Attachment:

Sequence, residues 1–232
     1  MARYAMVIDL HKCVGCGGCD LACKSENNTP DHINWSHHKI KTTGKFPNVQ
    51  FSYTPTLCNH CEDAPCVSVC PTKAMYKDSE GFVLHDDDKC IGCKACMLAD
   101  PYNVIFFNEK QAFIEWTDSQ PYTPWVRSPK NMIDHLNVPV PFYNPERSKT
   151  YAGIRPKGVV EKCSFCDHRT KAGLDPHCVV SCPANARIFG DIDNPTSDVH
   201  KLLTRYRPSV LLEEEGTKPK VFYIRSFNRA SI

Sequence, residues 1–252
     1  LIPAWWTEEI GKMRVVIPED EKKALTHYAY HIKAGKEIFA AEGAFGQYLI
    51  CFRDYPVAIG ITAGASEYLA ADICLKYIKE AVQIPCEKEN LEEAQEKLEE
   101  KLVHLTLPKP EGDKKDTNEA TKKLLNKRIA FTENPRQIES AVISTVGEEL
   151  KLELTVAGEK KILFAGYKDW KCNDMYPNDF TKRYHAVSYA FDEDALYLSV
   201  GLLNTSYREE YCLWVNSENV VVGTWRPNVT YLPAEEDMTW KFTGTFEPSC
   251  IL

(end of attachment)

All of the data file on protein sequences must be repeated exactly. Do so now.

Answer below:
Sequence, residues 1–232
     1  MARYAMVIDL HKCVGCGGCD LACKSENNTP DHINWSHHKI KTTGKFPNVQ
    51  FSYTPTLCNH CEDAPCVSVC PTKAMYKDSE GFVLHDDDKC IGCKACMLAD
   101  PYNVIFFNEK QAFIEWTDSQ PYTPWVRSPK NMIDHLNVPV PFYNPERSKT
   151  YAGIRPKGVV EKCSFCDHRT KAGLDPHCVV SCPANARIFG DIDNPTSDVH
   201  KLLTRYRPSV LLEEEGTKPK VFYIRSFNRA SI

Sequence, residues 1–252
     1  LIPAWWTEEI GKMRVVIPED EKKALTHYAY HIKAGKEIFA AEGAFGQYLI
    51  CFRDYPVAIG ITAGASEYLA ADICLKYIKE AVQIPCEKEN LEEAQEKLEE
   101  KLVHLTLPKP EGDKKDTNEA TKKLLNKRIA FTENPRQIES AVISTVGEEL
   151  KLELTVAGEK KILFAGYKDW KCNDMYPNDF TKRYHAVSYA FDEDALYLSV
   201  GLLNTSYREE YCLWVNSENV VVGTWRPNVT YLPAEEDMTW KFTGTFEPSC
   251  IL